Six years ago, I researched and cataloged a collection of antique scientific and quack medical devices for Dirk Soulis Auctions, gathered over a span of thirty years by biology professor Dr. Leland Keller (no relation). Dr. Keller used many of these pieces to illustrate lectures on obsolete or quack medical treatments.
In all my years of working as a researcher and writer for auction houses specializing in historical artifacts, this sale remains one of my favorites. Featured here are views of the items laid out for auction, as well as shots from the catalog. I’ve included a link to the full online catalog at the end.
Victor diathermy, circa 1900. Incomplete.
Dr. Albert Abrams’ Radionics Reflexophone, circa 1920s
Circa 1886 enbalming table by B.F. Gleason
Toepler-Holtz type electromagnetic electrostatic generator, by Frank S. Betz
Betz electrotherapy wall unit
Betz oak and iron physician’s chair
Mid-19th century magneto-electric machine: A good example of an antique medical electric machine. Standard explanation pasted inside lid. Self-contained dovetailed construction housing with under drawer sliding out on the right side. Includes multiple accessories, electrodes with what appear to be ebony grips, key pin, etc.
Autoclast electrotherapy device: Large size autoclast made by the Electronic Instrument Co of Belleville, Kansas. Hinged top folds back to reveal controls and wire port. Center drawer accessible from front, with secondary control row of intensity controls, as well as several physician kept books and manuals. One published by the Calbro Magnowave Co of Omaha, which gives the general technic of identifying diseased conditions, measuring their intensities and determining their treatment. Filled with interesting misspellings, too. Discusses ‘Personal Destructive Rate’, Diagnostic Routine, and profiles a large number of diseases the autoclast may address. Even includes a definition of radionics: ‘Radionics is the science of detecting and treating disease by the action upon magnetic waves produced by the radiation of ions.’ Includes a partially filled-in case record. Also includes two smaller binders indexed to provide vibration rates of diseases. The prognosis section for ‘Fistula’ seems to sum up this area of quackery perfectly: ‘Prognosis: Excellent to poor, depending on the intensity.’ Also includes the doctor’s window placard ‘ALL WORK CASH – Unless Previously Arranged For.’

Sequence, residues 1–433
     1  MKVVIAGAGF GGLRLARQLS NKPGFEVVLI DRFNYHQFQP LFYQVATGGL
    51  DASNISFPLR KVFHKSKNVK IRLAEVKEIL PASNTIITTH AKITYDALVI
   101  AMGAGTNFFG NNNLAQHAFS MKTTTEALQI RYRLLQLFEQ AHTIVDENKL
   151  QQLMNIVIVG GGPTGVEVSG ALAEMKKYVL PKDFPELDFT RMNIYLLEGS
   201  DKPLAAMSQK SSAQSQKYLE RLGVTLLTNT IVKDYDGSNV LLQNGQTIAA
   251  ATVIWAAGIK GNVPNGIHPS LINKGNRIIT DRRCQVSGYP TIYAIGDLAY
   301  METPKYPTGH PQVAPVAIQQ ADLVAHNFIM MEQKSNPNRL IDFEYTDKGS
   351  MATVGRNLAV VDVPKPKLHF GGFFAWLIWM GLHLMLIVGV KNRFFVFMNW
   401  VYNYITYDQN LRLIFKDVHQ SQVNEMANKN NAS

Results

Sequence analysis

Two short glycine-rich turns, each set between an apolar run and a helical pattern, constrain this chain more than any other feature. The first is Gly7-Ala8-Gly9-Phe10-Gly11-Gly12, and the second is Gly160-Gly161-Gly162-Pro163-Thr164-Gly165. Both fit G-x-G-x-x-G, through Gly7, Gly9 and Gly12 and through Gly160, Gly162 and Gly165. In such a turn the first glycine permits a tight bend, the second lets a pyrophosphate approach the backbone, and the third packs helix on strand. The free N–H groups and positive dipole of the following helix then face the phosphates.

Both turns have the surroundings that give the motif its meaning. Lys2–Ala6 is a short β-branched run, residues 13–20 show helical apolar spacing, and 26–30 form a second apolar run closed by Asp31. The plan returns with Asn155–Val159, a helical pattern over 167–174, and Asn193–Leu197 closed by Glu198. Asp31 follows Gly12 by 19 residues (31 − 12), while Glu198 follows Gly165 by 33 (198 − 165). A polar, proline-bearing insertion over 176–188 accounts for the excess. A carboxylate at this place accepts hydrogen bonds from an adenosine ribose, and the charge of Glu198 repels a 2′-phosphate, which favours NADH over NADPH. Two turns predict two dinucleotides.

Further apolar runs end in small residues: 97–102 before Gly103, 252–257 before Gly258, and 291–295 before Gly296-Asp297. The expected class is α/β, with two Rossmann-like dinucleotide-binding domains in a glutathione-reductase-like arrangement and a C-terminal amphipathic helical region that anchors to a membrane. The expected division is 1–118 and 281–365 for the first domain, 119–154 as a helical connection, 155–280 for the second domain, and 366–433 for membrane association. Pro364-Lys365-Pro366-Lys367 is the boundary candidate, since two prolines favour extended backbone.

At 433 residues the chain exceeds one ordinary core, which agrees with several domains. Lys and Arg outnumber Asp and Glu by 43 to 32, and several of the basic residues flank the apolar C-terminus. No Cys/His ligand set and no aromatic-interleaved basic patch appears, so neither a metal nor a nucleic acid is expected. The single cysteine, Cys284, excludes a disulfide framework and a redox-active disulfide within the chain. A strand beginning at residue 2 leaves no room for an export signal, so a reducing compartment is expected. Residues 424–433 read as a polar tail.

19th century blood cupping pump
Original General Electric Coolidge tube with ‘Broad Focus’ tag affixed, 21.5 inches long, undated. Mounted on wooden framework, adjustable clamps, square opening in baseboard for projecting X-rays.
A quack medical ‘Rational’ Electronoclast, ‘Based on the Electronic Reactions of Abrams, American Institute of Rational Therapeutics, Chicago, Ill.’ Rich wood case with slant front, potential prongs, rate adjuster knobs, oscillion tube, polarometer and positive and negative poles.
Folmer Multiple Camera and Studio Stand: Great original Folmer Multiple Camera by Folmer Graflex Corp., with spec plate mounted to front. Lens intact, marked ‘No 2 Hemispherique Rapide, AD 5660, Darlols, Paris, BF&Co.,’ and includes black cloth and rubber hose for remote. Measures 18 x 24 x 11 inches. On a Folmer Graflex ‘Century Studio Stand, No 3A.’
19th century C. Eckenrath Graphoscope: Carved and black painted wood face, large magnifier lens, two stereoscopic lenses bleow. Folding table base with C. Eckenrath, Berlin spec plate to leg. Folding picture holder with polished bone finials.
Circa 1900 clamshell mutoscope
McIntosh Quack Galvanic and Faradic wall unit
Pathoclast control unit: A member of the medical radionics tradition, began by noted quack Dr Albert Abrams. Two gauges, four large dials for Aqua Potentia, Diagnostic Panel, the Disease Dial, and Pathodyne Diagnostic Unit, plus toggle switches, smaller switches, and a storage compartment on the right side.
McIntosh Polysine Generator 1158: An original polysine generator designed to deliver efficient galvanic and low voltage wave currents for nerve and muscular regeneration. Unit features white porcelain top with voltage and modality selector knobs, channel toggle switch, posts, on/off master toggle, polysine generator control knob, and milliampere dial. Rolling stand features four drawers with a variety of accessories, including a rectal electrode, pad electrode, numerous glass electrodes. Includes what appears to be the original instructions for operation, with explanations of galvanic currents and waves.
Coin operated shock machine: Advance Machine Company’s novelty arcade coin-operated machine that for one cent, says on the marquee it ‘increases the circulation, purifies the blood, improves the health.’ Right knob apparently controlled the amount of current.